By Arnold Kling
I do not see a world economy that has stagnated overall. I don’t even see a US economy (pre-2008) that has stagnated. I see a redistribution from a certain class of American workers to workers with similar skills in other countries, and to workers with very high skills in the US that can market those skills to a global economy. This doesn’t have to be a bad thing, if the government can respond by encouraging innovation by high-skilled workers, and even encourage a lot of compensation for them, but provide for the rest with a fairly robust safety net. And, in fact, the major political cleavages of the present focus on precisely these issues. The political battles aren’t about stagnation, but about distribution.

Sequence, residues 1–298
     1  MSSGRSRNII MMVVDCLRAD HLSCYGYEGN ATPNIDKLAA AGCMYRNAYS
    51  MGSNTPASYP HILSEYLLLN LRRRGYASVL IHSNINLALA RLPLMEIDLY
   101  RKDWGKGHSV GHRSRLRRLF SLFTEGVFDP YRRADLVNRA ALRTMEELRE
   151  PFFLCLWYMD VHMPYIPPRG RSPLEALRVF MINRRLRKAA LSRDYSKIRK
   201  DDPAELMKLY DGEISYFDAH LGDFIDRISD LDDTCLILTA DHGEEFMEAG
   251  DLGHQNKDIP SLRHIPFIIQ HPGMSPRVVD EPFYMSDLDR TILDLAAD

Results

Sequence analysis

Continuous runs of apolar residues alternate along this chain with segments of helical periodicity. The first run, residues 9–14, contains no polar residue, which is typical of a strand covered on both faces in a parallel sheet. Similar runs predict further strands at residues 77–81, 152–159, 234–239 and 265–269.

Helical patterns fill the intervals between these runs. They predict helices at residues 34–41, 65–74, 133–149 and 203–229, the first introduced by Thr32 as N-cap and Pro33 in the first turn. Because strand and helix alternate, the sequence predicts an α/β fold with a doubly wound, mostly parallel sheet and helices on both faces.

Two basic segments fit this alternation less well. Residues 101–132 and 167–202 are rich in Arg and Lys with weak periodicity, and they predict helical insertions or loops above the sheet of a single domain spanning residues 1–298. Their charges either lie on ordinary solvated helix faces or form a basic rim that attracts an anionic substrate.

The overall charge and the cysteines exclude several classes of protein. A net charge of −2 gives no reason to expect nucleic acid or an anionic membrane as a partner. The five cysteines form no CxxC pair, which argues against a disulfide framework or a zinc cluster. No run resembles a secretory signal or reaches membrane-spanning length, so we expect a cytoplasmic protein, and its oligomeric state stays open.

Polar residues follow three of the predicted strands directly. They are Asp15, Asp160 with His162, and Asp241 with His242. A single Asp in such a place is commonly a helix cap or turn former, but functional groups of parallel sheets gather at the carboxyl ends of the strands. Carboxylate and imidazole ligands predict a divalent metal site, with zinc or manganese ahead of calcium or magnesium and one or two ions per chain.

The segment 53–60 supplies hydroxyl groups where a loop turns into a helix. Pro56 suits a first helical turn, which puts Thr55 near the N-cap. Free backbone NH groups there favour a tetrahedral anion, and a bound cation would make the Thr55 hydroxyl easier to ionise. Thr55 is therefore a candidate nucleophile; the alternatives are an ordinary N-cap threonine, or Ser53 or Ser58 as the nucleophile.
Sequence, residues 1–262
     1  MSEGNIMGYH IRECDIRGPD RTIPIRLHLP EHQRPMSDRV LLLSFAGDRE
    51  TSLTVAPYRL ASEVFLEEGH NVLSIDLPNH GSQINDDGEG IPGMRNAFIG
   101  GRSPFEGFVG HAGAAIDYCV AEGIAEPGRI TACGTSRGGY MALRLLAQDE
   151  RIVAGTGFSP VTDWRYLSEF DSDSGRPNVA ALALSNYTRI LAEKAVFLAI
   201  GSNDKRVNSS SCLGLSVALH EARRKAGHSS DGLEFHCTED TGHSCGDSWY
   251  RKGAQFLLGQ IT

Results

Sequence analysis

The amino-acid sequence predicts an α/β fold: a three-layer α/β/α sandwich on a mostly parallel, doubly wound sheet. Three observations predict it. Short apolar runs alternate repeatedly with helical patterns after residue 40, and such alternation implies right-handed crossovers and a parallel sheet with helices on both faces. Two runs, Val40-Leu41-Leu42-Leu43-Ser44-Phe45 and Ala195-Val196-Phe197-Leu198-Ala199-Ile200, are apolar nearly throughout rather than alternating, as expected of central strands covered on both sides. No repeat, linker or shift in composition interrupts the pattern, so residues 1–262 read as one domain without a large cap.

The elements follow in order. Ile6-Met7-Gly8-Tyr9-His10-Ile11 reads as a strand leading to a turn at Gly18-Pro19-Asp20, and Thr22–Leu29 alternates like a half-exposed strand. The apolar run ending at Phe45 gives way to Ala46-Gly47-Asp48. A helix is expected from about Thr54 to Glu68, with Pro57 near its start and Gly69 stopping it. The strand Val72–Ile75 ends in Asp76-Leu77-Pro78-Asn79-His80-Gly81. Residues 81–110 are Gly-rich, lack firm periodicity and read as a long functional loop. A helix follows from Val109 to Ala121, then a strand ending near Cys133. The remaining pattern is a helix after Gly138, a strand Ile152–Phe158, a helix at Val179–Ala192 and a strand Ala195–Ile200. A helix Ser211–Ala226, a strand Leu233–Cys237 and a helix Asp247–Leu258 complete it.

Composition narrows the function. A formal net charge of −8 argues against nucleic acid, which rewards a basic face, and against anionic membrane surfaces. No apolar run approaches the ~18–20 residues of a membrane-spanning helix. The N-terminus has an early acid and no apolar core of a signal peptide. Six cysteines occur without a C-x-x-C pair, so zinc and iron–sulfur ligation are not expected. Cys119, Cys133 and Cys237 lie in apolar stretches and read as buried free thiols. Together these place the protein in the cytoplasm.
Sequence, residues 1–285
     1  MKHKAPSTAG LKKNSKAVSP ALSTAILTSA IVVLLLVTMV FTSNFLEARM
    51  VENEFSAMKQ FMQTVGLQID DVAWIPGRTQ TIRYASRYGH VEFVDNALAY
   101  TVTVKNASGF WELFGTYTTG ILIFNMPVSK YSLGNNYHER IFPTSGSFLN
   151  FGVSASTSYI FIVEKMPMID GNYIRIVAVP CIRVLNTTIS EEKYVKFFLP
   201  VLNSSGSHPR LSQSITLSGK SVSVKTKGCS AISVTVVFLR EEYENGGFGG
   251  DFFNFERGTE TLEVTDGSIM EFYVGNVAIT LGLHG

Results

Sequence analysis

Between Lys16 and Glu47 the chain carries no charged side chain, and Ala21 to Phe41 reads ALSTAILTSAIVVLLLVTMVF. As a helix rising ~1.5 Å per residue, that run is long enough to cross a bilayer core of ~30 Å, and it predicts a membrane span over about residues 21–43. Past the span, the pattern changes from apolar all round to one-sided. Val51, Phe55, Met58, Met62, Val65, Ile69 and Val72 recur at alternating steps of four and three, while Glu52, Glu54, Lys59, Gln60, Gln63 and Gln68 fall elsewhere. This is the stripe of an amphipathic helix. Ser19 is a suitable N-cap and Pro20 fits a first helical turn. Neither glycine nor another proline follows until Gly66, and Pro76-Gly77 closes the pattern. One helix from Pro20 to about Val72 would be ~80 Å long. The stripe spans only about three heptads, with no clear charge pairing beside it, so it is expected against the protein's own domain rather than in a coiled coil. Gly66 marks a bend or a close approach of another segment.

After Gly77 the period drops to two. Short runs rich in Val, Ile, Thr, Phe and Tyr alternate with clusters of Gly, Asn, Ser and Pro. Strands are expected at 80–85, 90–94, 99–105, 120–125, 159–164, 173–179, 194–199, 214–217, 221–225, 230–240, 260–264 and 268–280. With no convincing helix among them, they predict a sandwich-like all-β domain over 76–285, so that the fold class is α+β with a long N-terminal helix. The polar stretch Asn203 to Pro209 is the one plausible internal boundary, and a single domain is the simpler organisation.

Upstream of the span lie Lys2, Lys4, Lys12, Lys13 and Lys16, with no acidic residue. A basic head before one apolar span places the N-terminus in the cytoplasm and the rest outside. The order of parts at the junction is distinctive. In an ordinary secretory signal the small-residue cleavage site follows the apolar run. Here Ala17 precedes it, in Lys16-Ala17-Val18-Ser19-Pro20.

Read the whole thing. Pointer from Tyler Cowen.
One point I would add concerns the change in gender roles and marital patterns. Over the past several decades, women have moved into the market economy and up the income ladder. Marriage used to be an inequality reducer–as higher earning males married women who earned little or nothing in the market. Now, marriage is an inequality reinforcer, as higher earning males marry higher earning females. And more assortive mating means that we get increasing inequality of childhood endowments, also.